Magazine
The Immigrant's Trail

May 15, 2006

This special issue of High Country News takes an on-the-ground look at the human landscape of illegal immigration in the West.

Feature

The Immigrant's Trail
This special issue of High Country News takes an on-the-ground look at the human landscape of illegal immigration in the West

Essays

Isn't it time to bury the hatchet?
Tired of the rhetorical arguments that pass as conversation these days, the author proposes it’s time to take a blockhead to lunch – and listen to what he has to say
Repo Manic
The author takes a disconcerting journey with a repo-man friend to repossess a car somewhere in Navajo Country

Dear Friends

Dear friends
Carmella Hensyel joins HCN; Research Fund acknowledgements; visitor; former interns hit the big time; Michelle Nijhuis wins journalism award; Jodi Peterson & the Late Show
HCN says farewell to an old friend
Herman Warsh, a beloved former HCN board member and longtime supporter of the paper, is dead

Book Reviews

Finding hope in a new land
Farmworker’s Daughter: Growing Up Mexican in America is the story of Rose Castillo Guilbault’s childhood journey from Mexico’s Sonoran Desert to a new life in California’s Salinas Valley
It ain't easy getting old
In No Country for Old Men, Cormac McCarthy discards his bitter nostalgia to tell a story set along the border in the 1980s
The puzzle of plate tectonics
In Grand Canyon: Solving Earth’s Grandest Puzzle, geologist James Lawrence Powell takes a look at the science behind the Grand Canyon, and the scientists who figured it out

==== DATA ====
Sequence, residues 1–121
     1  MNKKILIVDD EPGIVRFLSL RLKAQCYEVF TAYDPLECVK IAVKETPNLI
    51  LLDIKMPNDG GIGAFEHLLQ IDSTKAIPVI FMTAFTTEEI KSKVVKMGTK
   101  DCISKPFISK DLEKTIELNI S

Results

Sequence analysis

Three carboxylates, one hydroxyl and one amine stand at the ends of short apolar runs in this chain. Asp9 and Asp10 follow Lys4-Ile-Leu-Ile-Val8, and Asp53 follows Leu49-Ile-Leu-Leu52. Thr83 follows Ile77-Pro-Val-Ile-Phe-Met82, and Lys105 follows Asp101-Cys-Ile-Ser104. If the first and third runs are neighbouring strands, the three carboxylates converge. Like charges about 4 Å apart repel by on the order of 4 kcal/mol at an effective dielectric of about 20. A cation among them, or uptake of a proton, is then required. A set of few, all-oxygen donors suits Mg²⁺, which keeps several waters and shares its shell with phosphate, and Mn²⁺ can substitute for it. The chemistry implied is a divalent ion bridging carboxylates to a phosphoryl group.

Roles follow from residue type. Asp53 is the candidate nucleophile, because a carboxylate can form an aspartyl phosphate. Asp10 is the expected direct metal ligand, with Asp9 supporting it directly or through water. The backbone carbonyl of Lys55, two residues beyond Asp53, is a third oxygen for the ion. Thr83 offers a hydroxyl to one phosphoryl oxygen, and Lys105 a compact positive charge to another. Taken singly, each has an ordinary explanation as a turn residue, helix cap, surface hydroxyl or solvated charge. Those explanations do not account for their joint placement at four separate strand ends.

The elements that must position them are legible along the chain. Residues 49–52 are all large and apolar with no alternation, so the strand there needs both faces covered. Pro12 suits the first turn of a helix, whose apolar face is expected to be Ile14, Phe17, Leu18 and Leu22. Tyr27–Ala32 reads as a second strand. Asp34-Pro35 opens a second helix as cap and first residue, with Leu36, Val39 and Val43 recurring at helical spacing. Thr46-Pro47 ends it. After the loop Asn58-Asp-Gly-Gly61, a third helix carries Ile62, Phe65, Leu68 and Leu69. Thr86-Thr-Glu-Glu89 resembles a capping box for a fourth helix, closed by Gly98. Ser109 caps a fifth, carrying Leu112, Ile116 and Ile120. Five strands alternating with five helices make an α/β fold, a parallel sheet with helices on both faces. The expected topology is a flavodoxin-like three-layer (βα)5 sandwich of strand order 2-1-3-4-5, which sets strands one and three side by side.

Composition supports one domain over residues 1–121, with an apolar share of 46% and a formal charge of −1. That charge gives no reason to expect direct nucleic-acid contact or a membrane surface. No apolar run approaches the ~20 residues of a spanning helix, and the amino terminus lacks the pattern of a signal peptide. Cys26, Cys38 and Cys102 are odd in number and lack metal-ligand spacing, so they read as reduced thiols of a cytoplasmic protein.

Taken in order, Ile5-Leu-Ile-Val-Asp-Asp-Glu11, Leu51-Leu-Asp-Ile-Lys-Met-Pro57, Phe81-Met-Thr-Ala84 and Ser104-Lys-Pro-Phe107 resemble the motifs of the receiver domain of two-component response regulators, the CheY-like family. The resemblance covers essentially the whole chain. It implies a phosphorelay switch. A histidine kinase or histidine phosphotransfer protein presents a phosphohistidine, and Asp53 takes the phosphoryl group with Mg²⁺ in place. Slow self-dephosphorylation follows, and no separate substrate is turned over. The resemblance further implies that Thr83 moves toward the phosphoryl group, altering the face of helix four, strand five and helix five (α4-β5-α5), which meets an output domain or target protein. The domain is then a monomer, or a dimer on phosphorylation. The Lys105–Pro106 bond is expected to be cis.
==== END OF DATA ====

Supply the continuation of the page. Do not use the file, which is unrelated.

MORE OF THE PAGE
Heard Around the West

Heard around the West
What makes Mormon crickets run; Cactus Rescue Crew; tree murder; Dick Cheney shoot-alike; gun dealers in the West; Dakota Sioux Scrabble

Letters

Related Stories

Abandonment
Small Mexican farming towns such as Francisco Villa in Sonora are emptied of their young men when the lack of good-paying local jobs sends them north of the border
Perseverance
Illegal border crossers face a dangerous journey filled with heat, dust, flies and thirst, and always the danger of capture and deportation
Apprehension
U.S. Fish and Wildlife Service Officer John Schaefer is one of only two officers patrolling the 860,000 acres of Cabeza Prieta National Wildlife Refuge, a thoroughfare for illegal immigrants and armed drug smugglers
Contradiction
Once in the U.S., immigrants find themselves in a land of contradictions, facing an uncertain welcome, sometimes even from other Latinos
Hope
After 16 years of living in the shadows in Pasco, Wash., Wendy and Erendira Santana finally win legal residency